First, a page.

OK, but is the back-story any better? As I have intimated, the novel is set in a world in which a certain level of emortality is achieved through cunning use of cloning and nanotech. This isnít a new idea, and Doctorow makes little attempt to explore the implications. There's this really dumb piece of blurb on the back (from Rudy Rucker who really should know better) which says that Doctorow "starts out at the point where older SF writers' speculations end." Clearly Rucker hasn't read Brian Stableford's magnificent Fountains of Youth, which looks at the implications of emorality in way more depth that Doctorow does. Stableford doesn't use precisely the same technology as Doctorow, but Richard Morganís superb Altered Carbon does, and it is a gripping thriller as well. If we want to talk about being on the cutting edge, letís go back to 1996 and Ian McDonald's Necroville. Or for something totally off the wall that deals with the sort of American myths that a Disneyland novel might be expected to touch upon, Kathleen Ann Goonanís magnificent Flower Cities series. There's nothing new or cutting edge about Doctorow's use of science.
Where I guess he may be able to claim some originality is in the sociology, in that his society is based around the concept of Whuffie. A little bit of research revealed that this is an idea developed by net geeks and highly popular in those circles. Rather than a society that runs on money, they want a system based on reputation. With sufficient computer technology it would be possible for everyone to have a Whuffie rating that depended on what other people thought of them. Consequently Bill Gates would have zero Whuffie because everyone despises his software, and really competent tech geeks would be rich in the stuff.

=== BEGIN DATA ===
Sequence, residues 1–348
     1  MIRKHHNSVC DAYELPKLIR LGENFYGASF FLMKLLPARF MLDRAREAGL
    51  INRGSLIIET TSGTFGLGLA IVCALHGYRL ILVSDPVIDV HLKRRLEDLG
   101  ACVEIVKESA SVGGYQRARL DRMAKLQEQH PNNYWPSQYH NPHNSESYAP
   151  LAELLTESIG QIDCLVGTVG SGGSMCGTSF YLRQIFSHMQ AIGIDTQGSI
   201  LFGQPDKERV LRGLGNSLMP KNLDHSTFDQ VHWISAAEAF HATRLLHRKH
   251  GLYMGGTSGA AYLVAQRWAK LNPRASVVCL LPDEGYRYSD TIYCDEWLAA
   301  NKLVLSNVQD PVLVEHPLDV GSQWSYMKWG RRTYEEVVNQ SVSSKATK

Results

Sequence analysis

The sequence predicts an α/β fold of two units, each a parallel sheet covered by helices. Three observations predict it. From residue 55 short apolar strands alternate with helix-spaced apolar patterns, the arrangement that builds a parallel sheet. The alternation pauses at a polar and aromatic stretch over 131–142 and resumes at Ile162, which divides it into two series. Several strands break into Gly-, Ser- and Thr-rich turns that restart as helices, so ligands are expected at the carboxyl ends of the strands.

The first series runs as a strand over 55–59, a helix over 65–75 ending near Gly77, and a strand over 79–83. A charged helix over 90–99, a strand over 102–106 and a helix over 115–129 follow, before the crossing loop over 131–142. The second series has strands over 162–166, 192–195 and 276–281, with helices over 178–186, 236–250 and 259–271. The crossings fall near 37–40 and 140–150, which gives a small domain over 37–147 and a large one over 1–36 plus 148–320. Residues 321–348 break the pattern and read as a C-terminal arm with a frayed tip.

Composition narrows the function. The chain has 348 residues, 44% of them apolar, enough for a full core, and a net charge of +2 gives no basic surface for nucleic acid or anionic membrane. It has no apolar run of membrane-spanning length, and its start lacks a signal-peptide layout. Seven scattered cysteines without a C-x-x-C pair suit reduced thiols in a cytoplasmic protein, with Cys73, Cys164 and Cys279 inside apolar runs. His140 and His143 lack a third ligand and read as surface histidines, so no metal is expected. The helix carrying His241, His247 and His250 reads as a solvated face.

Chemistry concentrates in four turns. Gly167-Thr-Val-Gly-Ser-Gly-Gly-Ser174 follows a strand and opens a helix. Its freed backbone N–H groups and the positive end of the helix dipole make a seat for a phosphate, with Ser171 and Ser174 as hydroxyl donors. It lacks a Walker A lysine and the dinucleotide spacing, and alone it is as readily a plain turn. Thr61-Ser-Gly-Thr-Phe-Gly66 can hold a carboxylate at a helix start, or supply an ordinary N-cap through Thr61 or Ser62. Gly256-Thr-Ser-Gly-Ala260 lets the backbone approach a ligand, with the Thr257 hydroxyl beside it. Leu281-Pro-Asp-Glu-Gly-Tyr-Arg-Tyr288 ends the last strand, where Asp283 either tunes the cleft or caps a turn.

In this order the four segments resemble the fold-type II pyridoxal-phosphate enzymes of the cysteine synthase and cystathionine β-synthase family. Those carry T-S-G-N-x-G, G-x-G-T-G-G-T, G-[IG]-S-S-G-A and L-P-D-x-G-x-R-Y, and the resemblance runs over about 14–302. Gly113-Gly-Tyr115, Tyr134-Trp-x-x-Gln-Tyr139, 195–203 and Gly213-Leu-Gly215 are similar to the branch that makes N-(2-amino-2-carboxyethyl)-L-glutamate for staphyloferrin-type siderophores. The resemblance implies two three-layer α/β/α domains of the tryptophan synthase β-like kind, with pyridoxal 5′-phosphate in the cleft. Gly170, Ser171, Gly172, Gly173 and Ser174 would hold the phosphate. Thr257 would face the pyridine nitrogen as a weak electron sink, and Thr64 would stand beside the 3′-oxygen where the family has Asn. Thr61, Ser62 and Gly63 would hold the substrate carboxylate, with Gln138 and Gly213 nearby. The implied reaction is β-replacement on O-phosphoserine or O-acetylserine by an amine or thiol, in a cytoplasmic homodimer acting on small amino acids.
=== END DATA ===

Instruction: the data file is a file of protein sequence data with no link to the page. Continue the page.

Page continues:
This is the sort of idea that works well amongst peer groups such as net geeks. Indeed, when I'm working as a consultant and journalist I am, to a large extent, working in a Whuffie economy. And given that Doctorow appears to be a proponent of Whuffie society, one might expect his book to promote the idea. In fact it does exactly the opposite. The clear message that comes through from reading Magic Kingdom is that in the wider world those who become rich in Whuffie are those who are good at politics and spin, just like in our money-based society. The sort of passionate, committed but somewhat socially dysfunctional character represented by Jules (and by rather a lot of people in fandom, including myself at times) would end up down and out in a Whuffie economy.
The book also contains some interesting lessons about business practices. Jules and Lil represent a certain type of geek attitude that is devoted to perfection of a particular, probably outmoded form of technology. This isn't unique to programmers; you can see the same sort of thing in devotees of steam trains. This type of attitude only thrives in a bureaucratic, tradition- and process-oriented operation such as the park is presented to be. The bad guys, in contrast, are a focused, committed, results oriented business group that comes in with new ideas and wipes away the old practices. You get the impression from reading the book that they didn't need to murder Jules, they would have won easily anyway.
Possibly Doctorow is being very subtle here. Just maybe he is gently mocking the idea of Whuffie and other treasured sacred cows of geekdom. Perhaps he is trying to get his audience to think outside the box by setting them up as the heroes of his book and showing them how they would fail. Iíd like to believe that. But if he is doing that then heís doing it rather too subtly for me to be certain about it, and given the sloppy job heís done on the structure on the novel I'm far more included to believe that heís just confused.
Down and Out in the Magic Kingdom - Cory Doctorow - Tor - hardcover
When I read Lyda Morehouse's first novel, Archangel Protocol, I was completely boggled by the audacity of it. The trouble was that there were sequels in the works, and when you are already massively over the top there is only one way to go, and that's to go for broke. Can Morehouse pull it off again? You betcha!